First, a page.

Much more so than before, during the French Revolution, Robespierre appealed to the San Culottes, effectively changing price controls so that the working class could afford food at decent prices. In return, Robespierre got an impassioned fight to the death from his working class peasants, and in effect, mobilized the total war effort, using each individual efficiently and thus defeating the rest of Europe’s armies convincingly and effectively. Clearly, had it not been for the difference of the lower classes, France would not have been victorious on all fronts, and the French Revolution Robespierre and the Mountain’s Reign would not have made the impact it did.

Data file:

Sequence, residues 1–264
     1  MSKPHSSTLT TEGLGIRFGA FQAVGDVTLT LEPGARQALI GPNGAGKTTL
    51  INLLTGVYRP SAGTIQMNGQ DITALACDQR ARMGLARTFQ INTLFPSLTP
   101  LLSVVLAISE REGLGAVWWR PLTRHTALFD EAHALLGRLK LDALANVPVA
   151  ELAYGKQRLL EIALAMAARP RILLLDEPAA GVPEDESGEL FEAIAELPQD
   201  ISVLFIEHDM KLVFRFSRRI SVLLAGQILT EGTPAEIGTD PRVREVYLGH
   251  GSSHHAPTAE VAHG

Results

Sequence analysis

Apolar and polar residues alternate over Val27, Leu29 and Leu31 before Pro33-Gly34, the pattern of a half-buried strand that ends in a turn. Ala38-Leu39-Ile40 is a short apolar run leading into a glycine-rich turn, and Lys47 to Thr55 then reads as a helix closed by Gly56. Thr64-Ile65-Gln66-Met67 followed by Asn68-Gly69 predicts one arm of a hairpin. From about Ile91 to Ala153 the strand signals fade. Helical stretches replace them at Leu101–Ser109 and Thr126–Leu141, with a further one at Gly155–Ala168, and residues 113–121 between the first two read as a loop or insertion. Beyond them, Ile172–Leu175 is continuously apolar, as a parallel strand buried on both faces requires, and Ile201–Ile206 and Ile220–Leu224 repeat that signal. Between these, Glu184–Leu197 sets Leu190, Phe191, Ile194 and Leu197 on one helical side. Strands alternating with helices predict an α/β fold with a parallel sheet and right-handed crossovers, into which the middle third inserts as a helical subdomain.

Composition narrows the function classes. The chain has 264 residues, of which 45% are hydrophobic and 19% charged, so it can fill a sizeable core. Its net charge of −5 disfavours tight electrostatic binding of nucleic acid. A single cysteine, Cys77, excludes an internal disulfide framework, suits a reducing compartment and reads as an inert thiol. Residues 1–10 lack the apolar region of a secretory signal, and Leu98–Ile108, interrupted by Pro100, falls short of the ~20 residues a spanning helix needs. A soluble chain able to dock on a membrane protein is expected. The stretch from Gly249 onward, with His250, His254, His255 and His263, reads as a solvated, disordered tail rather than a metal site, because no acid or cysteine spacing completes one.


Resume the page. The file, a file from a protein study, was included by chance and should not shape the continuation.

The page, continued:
Likewise, Napoleon was different than previous French rulers and more successful in large part due to his tremendous diplomatic skill at appealing to all groups of people. In order to solidify his domestic strength, Napoleon worked out numerous unwritten agreements with powerful groups in France, these which received favors in return for their services. Napoleon’s famous Civil Code of 1804 appeased and gained the support of the middle class when he maintained the two principles of equality of all male citizen and absolute security of wealth and private property. Napoleon’s establishment of the Bank of France was also vital in that it created a body which served the interests of state as well as his government, thus solving problems posed by the unhappy Sans Culottes during the reign of the Directory. Thus, by continuing to vouch for this new economic order, Napoleon also gained support from the peasantry, who saw themselves more empowered in terms of land and status compared to before.